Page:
A stroke drug invented at The Scripps Research Institute has shown signs of safety and efficacy in a mid-stage clinical trial. If it succeeds, it would not only help stroke patients, but bring more money to TSRI’s top-rated biomedical research.
The drug is designed to improve the usefulness of tPA, a popular stroke drug. Called 3K3A-APC, the drug helps protect brain cells from stroke damage and the side effects of tPA. It allows tPA to be used later than the usual 4-5-hour “window” after a stroke caused by blood clots occurs.
TSRI licensed the drug to Houston’s ZZ Biotech, which is conducting the clinical trials and recently announced the interim Phase 2 results. If the drug reaches the market, TSRI stands to benefit financially.
While the institute has an endowment of about $300 million, it has run deficits in recent years, so bringing in more money is critical to the institute’s long-term financial stability and scientific excellence. TSRI was ranked first worldwide in the quality and impact of its science, according to a 2017 report by the top-tier scientific journal Nature.
The stroke drug was invented by a team led by TSRI professor John Griffin. The scientists modified an existing blood protein called protein C, which inhibits coagulation and protects cells.
Griffin’s team collaborated with the lab of Berislav Zlokovic, MD, director of the Zilkha Neurogenetic Institute at the University of Southern California. Together, they showed the drug’s benefits in preclinical research, which led to launching clinical trials.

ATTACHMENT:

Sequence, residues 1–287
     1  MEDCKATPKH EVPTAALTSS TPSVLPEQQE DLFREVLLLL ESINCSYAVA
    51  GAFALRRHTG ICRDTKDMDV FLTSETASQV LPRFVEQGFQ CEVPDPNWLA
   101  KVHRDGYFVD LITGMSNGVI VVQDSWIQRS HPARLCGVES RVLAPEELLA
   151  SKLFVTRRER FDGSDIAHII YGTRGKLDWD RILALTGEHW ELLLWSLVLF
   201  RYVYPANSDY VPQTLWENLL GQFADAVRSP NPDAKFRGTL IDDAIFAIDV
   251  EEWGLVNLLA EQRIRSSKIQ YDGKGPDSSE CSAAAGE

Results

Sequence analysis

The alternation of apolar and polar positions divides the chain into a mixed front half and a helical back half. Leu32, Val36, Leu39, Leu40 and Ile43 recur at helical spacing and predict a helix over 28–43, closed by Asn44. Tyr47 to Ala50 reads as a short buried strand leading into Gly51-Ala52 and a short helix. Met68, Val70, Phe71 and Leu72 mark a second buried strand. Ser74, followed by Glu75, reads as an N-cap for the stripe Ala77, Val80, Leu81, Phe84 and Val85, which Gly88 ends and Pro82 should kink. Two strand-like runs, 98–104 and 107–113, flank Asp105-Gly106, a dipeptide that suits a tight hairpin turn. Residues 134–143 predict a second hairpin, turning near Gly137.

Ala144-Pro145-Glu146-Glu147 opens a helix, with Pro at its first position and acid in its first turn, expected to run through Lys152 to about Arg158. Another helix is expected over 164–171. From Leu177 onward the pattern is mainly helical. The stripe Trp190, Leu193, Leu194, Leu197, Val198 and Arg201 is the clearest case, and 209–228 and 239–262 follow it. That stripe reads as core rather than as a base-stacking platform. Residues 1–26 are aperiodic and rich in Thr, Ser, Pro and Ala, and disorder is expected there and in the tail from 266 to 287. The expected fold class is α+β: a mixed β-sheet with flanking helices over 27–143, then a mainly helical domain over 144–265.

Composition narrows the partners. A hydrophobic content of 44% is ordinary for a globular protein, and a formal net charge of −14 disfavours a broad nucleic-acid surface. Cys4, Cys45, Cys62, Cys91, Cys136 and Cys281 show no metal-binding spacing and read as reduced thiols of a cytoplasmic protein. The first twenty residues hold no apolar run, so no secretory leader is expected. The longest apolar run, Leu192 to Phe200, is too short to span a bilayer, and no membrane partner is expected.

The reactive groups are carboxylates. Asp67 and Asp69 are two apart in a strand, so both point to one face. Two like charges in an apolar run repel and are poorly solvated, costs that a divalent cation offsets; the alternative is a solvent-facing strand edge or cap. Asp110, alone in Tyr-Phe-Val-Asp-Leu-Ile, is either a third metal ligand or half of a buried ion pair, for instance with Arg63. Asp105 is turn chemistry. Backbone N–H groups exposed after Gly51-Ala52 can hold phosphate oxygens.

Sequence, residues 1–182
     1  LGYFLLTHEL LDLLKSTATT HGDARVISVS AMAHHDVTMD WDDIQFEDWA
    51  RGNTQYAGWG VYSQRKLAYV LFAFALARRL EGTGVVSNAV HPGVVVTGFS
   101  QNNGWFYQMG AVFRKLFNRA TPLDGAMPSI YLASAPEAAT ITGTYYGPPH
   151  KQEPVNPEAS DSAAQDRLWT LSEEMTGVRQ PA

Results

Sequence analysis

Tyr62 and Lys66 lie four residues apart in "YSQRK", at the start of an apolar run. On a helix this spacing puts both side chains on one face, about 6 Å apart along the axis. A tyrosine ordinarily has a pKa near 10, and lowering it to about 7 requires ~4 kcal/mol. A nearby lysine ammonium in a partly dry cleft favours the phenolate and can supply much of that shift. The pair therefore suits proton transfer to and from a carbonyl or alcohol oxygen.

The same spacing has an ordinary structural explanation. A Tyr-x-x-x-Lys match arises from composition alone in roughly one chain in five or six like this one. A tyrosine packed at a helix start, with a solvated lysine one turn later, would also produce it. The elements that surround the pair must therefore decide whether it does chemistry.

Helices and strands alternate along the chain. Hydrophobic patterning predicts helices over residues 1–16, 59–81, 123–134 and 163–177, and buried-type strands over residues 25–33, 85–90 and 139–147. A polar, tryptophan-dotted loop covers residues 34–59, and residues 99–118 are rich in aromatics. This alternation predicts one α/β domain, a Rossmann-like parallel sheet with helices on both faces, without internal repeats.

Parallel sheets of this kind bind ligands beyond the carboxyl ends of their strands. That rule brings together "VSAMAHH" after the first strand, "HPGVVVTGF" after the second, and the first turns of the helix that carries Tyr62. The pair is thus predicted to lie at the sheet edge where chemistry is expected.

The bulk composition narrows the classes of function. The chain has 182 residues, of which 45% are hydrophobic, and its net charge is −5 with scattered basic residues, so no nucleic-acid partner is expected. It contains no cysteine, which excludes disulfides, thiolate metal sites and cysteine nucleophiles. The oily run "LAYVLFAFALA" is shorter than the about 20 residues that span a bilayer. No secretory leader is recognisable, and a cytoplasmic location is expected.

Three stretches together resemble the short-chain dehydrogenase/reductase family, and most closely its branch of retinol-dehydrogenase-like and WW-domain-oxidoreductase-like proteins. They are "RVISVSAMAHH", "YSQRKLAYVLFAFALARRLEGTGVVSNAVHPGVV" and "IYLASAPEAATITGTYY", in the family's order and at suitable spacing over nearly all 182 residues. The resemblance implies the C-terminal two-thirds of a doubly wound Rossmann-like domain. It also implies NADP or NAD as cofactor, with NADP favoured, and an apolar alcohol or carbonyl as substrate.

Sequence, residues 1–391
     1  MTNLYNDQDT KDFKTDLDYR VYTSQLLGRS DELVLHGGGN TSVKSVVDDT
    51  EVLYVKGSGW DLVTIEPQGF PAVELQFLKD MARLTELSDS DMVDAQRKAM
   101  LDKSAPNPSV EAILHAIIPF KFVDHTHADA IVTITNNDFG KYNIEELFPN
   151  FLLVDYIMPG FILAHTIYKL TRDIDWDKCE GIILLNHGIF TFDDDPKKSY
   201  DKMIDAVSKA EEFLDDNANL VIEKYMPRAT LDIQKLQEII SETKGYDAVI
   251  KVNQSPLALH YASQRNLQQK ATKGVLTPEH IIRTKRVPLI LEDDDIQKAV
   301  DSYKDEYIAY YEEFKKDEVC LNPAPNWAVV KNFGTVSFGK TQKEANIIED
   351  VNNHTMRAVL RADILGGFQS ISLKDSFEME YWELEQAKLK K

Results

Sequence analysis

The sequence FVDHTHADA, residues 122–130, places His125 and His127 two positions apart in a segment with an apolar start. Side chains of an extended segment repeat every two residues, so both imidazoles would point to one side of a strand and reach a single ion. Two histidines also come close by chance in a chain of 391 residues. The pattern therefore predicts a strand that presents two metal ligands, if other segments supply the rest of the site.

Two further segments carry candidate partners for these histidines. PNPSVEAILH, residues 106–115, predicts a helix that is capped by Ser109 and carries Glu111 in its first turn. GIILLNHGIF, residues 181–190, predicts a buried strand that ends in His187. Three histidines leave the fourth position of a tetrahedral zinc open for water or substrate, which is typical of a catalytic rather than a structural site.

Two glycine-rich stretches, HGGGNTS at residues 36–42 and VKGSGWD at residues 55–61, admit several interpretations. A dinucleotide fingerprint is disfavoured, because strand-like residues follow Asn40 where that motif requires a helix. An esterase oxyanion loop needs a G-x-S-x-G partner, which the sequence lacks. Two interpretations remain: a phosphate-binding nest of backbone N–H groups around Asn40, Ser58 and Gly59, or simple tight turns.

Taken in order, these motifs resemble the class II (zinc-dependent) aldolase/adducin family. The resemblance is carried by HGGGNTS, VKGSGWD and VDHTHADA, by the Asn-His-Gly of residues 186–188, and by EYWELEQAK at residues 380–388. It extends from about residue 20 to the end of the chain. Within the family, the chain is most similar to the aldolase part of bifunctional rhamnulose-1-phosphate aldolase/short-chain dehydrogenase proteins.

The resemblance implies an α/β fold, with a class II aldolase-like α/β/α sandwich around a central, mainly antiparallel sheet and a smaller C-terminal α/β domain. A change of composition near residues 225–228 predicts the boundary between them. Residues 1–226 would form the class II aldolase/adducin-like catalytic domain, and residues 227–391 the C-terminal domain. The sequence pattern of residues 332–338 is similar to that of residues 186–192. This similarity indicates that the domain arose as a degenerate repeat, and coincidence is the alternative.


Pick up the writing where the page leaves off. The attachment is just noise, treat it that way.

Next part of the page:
Zlokovic is the scientific founder of ZZ Biotech, which licensed the drug.
Stroke is the fifth leading cause of death in the United States, according to the Centers for Disease Control and Prevention. It’s also a major cause of disability, heightening the need for improved therapies. Most strokes are ischemic, caused by blood clots. The drug tPA dissolves the clots, restoring blood flow to the brain.
The National Institutes of Health funded the Phase 2 study. It provided a grant to Patrick Lyden, MD, chair of the Department of Neurology at Cedars-Sinai in Los Angeles. In addition, the NeuroNEXT Infrastructure Resource Access provided a grant to ZZ Biotech. The study was co-led by Lyden and ZZ Biotech’s Kent Pryor.
The placebo-controlled study’s aim was to find the maximum dose patients could tolerate, and secondarily, to evaluate cerebral hemorrhage incidence and volume. It found both were substantially reduced in the treated patients.
The next step is to confirm the results in further clinical trials. Success could lead to approval to sell the drug.
Accelerating the pace of commercializing such drugs has become a top priority under Peter G. Schultz, CEO of The Scripps Research Institute. Calibr, a biomedical institute Schultz helped found, has become closely allied with Scripps Research toward that end.
By more quickly translating basic research to clinical development, Scripps Research hopes to get new revenue streams that can be used to protect and expand the institute’s commitment to biomedical scientific research and education.